In the 19th century, a woman’s place was in the home. It was considered absurd for a woman to be in the workforce, rather she should be at home looking after her family, dressed in a pretty frock and a fancy hat. However, one great Australian writer challenged this idea, by featuring an independent “new” woman as a lead character in many of the playwrights she wrote––her name was Oriel Gray.
Oriel Gray was born in Sydney in 1920 and as she grew up she fell in love with the Sydney New Theatre, developing an ambition of becoming a playwright. Little did she know her dreams would come true; between 1943 and 1960, Gray wrote 14 theatre scripts which were produced in almost every Australian capital city. According to The Age, Gray’s plays were progressive because of the themes she dealt with, exploring issues such as the environment, Aboriginal culture, politics and equality.
In 1955 Gray rose to fame when one of her plays, The Torrents, shared first place in the renowned Playwright’s Advisory Board Prize with another Australian play, Summer of the Seventeenth Doll. These successes were a significant feat for Australian theatre as in the 1950s, Australian plays were rare, with British and American productions dominating the industry. Unfortunately, the prize money from the award and one professional production in Adelaide during 1996, were all that came of The Torrents, and Gray moved on to writing for television.
According to author Michelle Arrow, Oriel Gray was one of Australia’s best known “forgotten” playwrights, and without her, we wouldn’t have the strong theatre culture seen today. Gray died in 2003 but the Black Swan Theatre Company and theatre lovers have continued her legacy, with the play brought to life for a second time on stage at the Heath Ledger Theatre.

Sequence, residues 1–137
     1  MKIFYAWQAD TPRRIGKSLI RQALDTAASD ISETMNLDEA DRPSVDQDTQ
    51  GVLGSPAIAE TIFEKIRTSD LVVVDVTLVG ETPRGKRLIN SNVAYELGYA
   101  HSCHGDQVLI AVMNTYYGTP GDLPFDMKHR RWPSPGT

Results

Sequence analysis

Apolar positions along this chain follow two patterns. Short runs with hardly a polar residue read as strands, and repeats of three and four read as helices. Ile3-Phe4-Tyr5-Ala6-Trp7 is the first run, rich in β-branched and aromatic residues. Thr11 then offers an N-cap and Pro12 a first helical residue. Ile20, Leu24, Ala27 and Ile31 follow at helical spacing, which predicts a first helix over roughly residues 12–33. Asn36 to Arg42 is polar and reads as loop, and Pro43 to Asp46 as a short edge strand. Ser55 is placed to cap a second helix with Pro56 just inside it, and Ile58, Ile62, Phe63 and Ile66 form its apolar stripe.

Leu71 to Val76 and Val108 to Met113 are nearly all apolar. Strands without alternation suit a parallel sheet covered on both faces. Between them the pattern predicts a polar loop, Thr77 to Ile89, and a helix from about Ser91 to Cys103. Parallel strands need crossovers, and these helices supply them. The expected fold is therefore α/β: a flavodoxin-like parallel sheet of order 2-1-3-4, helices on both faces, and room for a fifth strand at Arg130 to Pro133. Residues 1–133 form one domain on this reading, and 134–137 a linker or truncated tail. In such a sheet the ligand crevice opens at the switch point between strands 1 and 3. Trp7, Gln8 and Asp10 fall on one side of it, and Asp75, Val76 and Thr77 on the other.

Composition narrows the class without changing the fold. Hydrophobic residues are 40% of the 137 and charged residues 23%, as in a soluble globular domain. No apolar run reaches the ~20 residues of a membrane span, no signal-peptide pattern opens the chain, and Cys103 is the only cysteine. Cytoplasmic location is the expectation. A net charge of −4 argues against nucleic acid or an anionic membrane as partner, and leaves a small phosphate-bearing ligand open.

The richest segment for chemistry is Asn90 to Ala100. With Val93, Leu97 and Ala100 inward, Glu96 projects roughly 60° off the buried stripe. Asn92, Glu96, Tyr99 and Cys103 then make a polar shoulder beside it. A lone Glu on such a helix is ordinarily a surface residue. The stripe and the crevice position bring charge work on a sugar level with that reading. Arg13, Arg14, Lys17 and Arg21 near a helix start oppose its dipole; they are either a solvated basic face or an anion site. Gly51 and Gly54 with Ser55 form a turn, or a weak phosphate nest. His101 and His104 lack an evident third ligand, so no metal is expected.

Left to right: Tony Cogin as Rufus Torrent, Luke Carroll as Kingsley, Sam Longley as Jock Macdonald, Celia Pacquola as Jenny and Rob Johnson as Bernie.
A Black Swan and Sydney Theatre co-production, The Torrents is directed by Clare Watson and is set in a small fictional town named Koolgalla in 1890. The events in this comedy-drama take place inside the newsroom of the regional newspaper, the ‘Koolgalla Argus’, run by the editor Rufus Torrent (played by Tony Cogin). On one such newsy day, the staff await the arrival of a journalist known only by the initials J.G. Milford whose been successful in fitting the job position as a qualified journo. However, none of them knew the J stood for Jenny! And by Grundy (an expression used many times by old and gnomish Christy), were the men shocked when a woman strolled through the door.
The arrival of Jenny (played by Celia Pacquola) coincides when tension between the newsroom starts to form. Kingsley (played by Luke Carroll), an innovative engineer, has an outrageous idea to bring irrigation to the community and he wants the newspaper to print it. Uproar ignites, and debates about whether the town should give up gold mining for a more sustainable, economic future kick off between the staff, Mr Torrent, and the paper’s main investor John Manson (played by Steve Rodgers), who believes journalism should “tell people what to think” rather than to tell the truth.
There are two narratives running through the play with many themes still relevant today. The first storyline revolves around Koolgalla and its future in the agricultural industry, as gold mining is becoming sparse, with spurs discussions around how the land should be used more sustainably. The second narrative involves Jenny as she encounters sexism and the issue of women’s rights in the workforce during this period. She is told “a woman’s place is in the home” and is asked to leave the ‘Argus’. However, Jenny is strong-willed and is determined to stay, proving she is a great asset and has a firm stance on women being treated equally to men.